Australia is suing Westpac for negligence in its financial hardship notices

A woman exits the ground floor of an office building bearing the Westpac logo amid the easing of coronavirus disease (COVID-19) restrictions in Sydney’s central business district, Australia, June 3, 2020. REUTERS/Lauren Elliott Obtain licensing rights

Sep. 5 (Reuters) – Australia’s corporate regulator said on Tuesday it will take legal action against Westpac Banking Corp (WBC.AX) over its alleged failure to respond to clients’ notices of financial difficulty between 2015 and 2022 within the required administrative timeframe.

under Section 72 of the Australian National Credit ActAn individual with payments in arrears can request a change in the terms of their credit contract based on financial difficulties, and creditors are expected to provide a written response within 21 days of being notified.

Shares of Westpac were down nearly 1% at A$21,630 by 0105 GMT, against a 0.6% drop in the broader benchmark (.AXJO).

The Australian Securities and Investments Commission (ASIC) said it has initiated civil penalty proceedings in federal court against Westpac citing that deficiencies in the online lender’s notice of difficulties process resulted in 229 Westpac customers not receiving a response in a timely manner.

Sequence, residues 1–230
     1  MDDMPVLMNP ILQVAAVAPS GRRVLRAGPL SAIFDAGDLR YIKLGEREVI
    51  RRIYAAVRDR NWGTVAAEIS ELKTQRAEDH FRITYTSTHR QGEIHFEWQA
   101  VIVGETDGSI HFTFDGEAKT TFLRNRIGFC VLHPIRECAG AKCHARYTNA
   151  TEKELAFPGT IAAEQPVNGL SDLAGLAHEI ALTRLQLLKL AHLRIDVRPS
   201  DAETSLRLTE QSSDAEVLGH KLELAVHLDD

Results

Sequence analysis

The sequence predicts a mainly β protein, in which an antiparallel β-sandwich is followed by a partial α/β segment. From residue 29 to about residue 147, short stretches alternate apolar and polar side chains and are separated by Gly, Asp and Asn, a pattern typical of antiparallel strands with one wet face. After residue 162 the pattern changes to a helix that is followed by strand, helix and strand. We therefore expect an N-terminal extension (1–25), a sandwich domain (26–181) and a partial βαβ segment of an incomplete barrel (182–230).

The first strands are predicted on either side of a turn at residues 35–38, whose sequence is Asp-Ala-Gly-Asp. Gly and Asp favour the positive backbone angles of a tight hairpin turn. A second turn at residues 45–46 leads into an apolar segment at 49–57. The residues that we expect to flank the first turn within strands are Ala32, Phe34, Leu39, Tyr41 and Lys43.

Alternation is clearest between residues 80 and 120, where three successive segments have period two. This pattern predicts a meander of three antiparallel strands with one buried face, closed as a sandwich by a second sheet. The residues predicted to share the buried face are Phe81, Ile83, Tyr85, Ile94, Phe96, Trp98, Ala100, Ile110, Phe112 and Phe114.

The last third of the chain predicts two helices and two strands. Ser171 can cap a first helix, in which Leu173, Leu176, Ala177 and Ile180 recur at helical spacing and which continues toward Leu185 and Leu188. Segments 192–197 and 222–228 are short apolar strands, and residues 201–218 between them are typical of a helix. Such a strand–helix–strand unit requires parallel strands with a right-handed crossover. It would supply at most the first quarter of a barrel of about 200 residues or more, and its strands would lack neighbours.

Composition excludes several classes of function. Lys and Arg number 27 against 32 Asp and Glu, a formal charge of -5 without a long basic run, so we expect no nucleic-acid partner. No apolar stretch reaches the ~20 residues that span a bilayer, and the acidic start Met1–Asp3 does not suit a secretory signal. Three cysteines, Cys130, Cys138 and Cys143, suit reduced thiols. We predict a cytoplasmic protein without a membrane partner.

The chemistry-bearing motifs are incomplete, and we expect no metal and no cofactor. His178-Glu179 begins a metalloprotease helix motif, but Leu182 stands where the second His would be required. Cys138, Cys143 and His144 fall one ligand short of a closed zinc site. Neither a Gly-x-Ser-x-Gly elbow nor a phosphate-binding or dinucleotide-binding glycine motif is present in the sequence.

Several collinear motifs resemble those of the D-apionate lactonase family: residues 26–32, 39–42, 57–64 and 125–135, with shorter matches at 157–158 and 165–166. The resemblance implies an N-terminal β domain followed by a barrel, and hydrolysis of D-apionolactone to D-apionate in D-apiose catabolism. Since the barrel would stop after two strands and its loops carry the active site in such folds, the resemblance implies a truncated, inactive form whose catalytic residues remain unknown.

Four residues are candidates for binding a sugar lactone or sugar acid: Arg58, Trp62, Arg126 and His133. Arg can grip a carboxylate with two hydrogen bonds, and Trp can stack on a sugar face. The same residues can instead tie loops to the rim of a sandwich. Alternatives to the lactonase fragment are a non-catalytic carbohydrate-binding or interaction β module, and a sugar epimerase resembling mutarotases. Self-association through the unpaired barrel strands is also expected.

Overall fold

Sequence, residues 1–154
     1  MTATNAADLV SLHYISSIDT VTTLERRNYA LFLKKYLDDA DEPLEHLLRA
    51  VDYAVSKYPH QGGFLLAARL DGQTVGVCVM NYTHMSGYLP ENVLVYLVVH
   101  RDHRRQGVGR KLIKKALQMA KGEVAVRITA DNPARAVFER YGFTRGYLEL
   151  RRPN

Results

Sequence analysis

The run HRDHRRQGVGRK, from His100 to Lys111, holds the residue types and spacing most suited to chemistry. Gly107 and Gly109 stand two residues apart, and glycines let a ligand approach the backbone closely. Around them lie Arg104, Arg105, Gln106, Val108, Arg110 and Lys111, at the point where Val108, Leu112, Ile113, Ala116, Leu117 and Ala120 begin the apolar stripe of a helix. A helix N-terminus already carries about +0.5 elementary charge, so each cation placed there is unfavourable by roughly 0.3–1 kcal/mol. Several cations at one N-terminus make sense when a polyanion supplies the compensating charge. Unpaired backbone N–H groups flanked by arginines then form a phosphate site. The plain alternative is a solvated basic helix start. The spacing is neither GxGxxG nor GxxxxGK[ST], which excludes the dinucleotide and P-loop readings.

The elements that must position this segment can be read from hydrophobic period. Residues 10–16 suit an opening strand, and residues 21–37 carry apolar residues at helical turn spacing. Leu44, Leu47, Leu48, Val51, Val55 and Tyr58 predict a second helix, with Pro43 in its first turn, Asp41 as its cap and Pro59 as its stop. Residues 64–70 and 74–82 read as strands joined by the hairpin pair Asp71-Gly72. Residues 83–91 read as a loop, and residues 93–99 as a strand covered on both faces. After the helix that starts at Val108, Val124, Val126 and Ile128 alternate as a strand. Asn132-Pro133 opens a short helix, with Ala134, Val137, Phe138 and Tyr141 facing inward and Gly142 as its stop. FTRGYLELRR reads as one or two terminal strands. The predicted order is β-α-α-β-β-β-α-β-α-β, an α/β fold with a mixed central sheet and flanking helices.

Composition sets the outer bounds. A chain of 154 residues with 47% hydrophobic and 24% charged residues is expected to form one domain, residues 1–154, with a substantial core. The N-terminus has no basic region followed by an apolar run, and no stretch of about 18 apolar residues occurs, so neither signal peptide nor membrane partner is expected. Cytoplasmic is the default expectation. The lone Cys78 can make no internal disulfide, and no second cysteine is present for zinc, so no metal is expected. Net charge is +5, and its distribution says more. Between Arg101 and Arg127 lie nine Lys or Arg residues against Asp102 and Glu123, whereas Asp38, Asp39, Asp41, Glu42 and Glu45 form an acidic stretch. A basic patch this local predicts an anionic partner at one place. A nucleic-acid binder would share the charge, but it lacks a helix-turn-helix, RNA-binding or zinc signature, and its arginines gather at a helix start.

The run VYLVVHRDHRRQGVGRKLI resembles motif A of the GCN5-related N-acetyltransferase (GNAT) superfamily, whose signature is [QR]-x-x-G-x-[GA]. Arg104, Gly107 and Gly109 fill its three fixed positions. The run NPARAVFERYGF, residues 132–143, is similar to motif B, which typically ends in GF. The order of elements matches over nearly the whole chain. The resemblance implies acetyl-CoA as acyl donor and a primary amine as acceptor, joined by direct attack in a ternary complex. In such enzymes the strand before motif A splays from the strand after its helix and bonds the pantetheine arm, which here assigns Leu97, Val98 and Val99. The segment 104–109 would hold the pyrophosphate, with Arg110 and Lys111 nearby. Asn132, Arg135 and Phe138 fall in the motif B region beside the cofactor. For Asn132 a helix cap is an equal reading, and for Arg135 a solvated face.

The actions against Westpac come as regulators have resorted to increasing scrutiny against Australian lenders given all the recent notifications issued to banks in relation to statements about fees charged to original customers, banks not following required guidance for home loans, and pressing for a better position. How to deal with bank fraud, etc.

“I absolutely think the increased scrutiny is justified, and politically it’s easy for governments and regulators to look at ‘fat cats’,” said Damien Rooney, director of equity sales at Argonaut.

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The company said the legal action was related to a “technological failure” and that Westpac had completed a remediation program for affected customers including payments for a non-financial loss of approximately A$900,000 ($581,310.00).

The regulator said Westpac could have done more to investigate and correct system problems affecting the online hardship notification process.

“This error means that we are not providing some of our customers with the help they need. We deeply regret this,” said Westpac Group chief information officer Scott Colari.

($1 = 1.5482 Australian dollars)

(Reporting by Roshni Nair in Bengaluru; Reporting by Mohamed for The Arabic Bulletin) Editing by Sandra Mahler and Sherry Jacob Phillips

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